Here is an article that I wrote a while back on the basis for social activism within the Muslim tradition, which eventually got published in the Philippines and Iran.
Farid Esack, a South African Muslim of Pakistani heritage, presents a modern version of the Muslim faith throughout his book titled On Being a Muslim. As it becomes evident during the course of the text, the author’s life experiences have contributed significantly to the interpretation set forth. Specifically, Esack recalls on numerous occasions his time spent living under the racist South African regime, as well as his international travels. Interweaving personal anecdotes with general discussions of theology, the text seeks to offer a progressive representation of Islam that embraces tradition yet makes it relevant to modern issues. Over the span of seven chapters Esack outlines, in a relatively concise manner, the most pressing of these problems confronting modern Muslims around the world. What is interesting about the book’s arrangement is that each of chapter builds upon the concepts analyzed previously, working from inward to external renewal. I would argue that the organization of the text in such a manner contributes to the author’s central
Throughout his writing, Esack repeatedly addresses the concept of tawhid, or monotheism, in Islam. More precisely,
“Belief in the existence and unity of Allah, the Transcendent, is central to the life of a Muslim and the Qur’an places much emphasis on cultivating a relationship with Allah as a living and caring God to whom all humankind will return and to whom we all accountable.”
Therefore, according to the author, this tenet should be interpreted in a broader sense than is traditionally acknowledged by the Muslim umma, or community. In the book’s preface Esack contextualizes his attempts to introduce an alternative to what he refers to as “dehumanizing fundamentalism and fossilized traditionalism,” which serves as a middle path.2 In order to facilitate its development among Muslims, it is necessary to reinterpret all aspects of the religion, ranging from the Qur’an to cultural practices. With that said, I will examine Farid Esack’s argument for tawhid as being the central concept of Islam. Additionally, I will discuss the ways in which this tenet has facilitated the emergence of new Muslim identities and practices that encourage individuals to be socially engaged in modern societies.
The Comprehensiveness of Tawhid
Introduced briefly above, the centrality of tawhid in Islam has and continues to be an important article of faith for individuals practicing the religion. Although the concept typically is translated as “monotheism” by scholars, Esack argues in favor of a more comprehensive definition. The author, by emphasizing the idea of unity as part of tawhid, establishes a theological foundation for his subsequent arguments. Much of Esack’s initial presentation of this idea derives from his first chapter titled “On Being with Allah,” which helps in showing its connection with other, worldlier topics. Attempting to convey to his audience the sense of bewilderment and anxiety that stems from contemplating tawhid, Esack relates an anecdote from hajj, or the pilgrimage to Mecca. He begins by stating plainly his feelings before leaving South Africa:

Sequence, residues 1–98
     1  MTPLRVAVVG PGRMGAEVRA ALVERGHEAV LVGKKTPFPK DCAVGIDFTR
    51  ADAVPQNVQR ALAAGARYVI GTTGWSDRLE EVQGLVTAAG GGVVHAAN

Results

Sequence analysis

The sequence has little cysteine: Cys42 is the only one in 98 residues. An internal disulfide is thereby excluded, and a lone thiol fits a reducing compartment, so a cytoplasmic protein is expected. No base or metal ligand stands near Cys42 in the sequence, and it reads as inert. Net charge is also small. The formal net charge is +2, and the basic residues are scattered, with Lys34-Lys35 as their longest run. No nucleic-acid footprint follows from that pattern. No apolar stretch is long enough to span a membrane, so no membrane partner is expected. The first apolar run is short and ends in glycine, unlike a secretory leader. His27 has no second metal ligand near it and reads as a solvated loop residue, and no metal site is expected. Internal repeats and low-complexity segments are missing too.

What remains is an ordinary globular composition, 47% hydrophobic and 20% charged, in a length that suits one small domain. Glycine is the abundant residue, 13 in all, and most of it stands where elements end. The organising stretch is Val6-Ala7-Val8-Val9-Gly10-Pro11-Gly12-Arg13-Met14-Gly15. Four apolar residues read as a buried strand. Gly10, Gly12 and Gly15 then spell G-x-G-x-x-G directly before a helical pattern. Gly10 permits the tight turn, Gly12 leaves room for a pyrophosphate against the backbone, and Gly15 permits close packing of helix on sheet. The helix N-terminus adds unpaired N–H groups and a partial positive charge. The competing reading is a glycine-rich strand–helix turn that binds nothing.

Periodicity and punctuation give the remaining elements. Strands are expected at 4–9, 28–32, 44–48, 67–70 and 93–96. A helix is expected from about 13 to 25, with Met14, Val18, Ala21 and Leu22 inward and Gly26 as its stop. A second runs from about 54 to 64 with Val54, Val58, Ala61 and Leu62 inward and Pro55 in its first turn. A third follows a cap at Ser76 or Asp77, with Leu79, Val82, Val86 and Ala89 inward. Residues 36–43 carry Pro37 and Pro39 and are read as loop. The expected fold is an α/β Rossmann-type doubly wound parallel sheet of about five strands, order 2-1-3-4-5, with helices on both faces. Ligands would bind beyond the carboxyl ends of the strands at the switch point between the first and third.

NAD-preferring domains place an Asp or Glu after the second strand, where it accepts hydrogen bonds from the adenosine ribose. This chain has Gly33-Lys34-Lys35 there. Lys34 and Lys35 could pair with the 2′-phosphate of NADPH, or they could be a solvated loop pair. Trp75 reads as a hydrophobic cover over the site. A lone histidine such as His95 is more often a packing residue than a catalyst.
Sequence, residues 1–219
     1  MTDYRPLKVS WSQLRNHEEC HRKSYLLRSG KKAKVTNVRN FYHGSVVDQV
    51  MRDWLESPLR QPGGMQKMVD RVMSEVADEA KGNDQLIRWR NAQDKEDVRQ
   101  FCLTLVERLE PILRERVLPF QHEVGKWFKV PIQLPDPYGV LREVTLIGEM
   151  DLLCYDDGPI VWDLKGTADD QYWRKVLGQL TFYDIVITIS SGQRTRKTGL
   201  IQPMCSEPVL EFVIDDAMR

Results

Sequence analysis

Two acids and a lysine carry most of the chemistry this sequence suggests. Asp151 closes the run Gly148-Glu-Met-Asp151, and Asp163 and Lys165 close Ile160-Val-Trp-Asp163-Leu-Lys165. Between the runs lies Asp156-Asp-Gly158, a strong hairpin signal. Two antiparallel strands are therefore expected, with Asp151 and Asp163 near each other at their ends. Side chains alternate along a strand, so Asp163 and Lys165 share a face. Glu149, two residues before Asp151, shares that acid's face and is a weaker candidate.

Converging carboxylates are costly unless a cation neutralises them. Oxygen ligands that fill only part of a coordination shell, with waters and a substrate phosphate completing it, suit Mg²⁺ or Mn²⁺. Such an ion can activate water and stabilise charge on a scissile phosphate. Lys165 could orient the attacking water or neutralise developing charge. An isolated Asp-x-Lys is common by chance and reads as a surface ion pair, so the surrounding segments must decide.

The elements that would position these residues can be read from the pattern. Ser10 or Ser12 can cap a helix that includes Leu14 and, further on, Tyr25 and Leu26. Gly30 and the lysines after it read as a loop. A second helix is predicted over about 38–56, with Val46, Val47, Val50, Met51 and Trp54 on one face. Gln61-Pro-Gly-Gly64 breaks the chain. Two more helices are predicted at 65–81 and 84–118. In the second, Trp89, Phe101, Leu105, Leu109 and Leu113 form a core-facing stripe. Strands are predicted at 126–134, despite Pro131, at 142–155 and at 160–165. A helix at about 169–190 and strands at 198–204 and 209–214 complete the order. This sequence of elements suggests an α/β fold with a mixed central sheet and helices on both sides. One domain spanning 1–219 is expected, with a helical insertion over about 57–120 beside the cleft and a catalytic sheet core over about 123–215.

“I approached Mecca with a mixture of
feelings. Social conditioning: the many tales
of experiences of ‘hearts overflowing’ told by
returning pilgrims compelling me to just ‘feel
the greatness of the moment;’ my secular disposition
militating against this and beckoning
me to be calm; the nafs al-lawwamah (berating
self ) mockingly chiding: ‘Are you not ashamed
of defiling the sacred soil of Mecca with your
This quote provides not only an excellent summary of the inner turmoil Esack experiences because of this particular situation, but also addresses a more universal theme: the desire for a close relationship with God.
In particular, as the author continues his narration, he mentions on several occasions that he had come to view God as being indifferent to both personal and global suffering. For example, when visiting the Ka’bah in hopes of God presenting him with a clear consciousness, “the silence that greeted me was deafening in its loudness. There was no glimmer of the emergence of a new being consumed by the flame. I sat there, drained and frightened,” offers Esack.4 From this comment it becomes evident that the author seeks to expose a disconnect between individuals’ desires and what God presents to them. Although the benefits of the hajj did not manifest immediately and left Esack deeply shaken spiritually to the point of requiring friends to ensure physical survival, several remarkable incidents occurred eventually. The most significant of these events included the establishment of a social activist group named the Call of Islam, which provided individuals with a Muslim organization committed to ending South African racism and sexism.5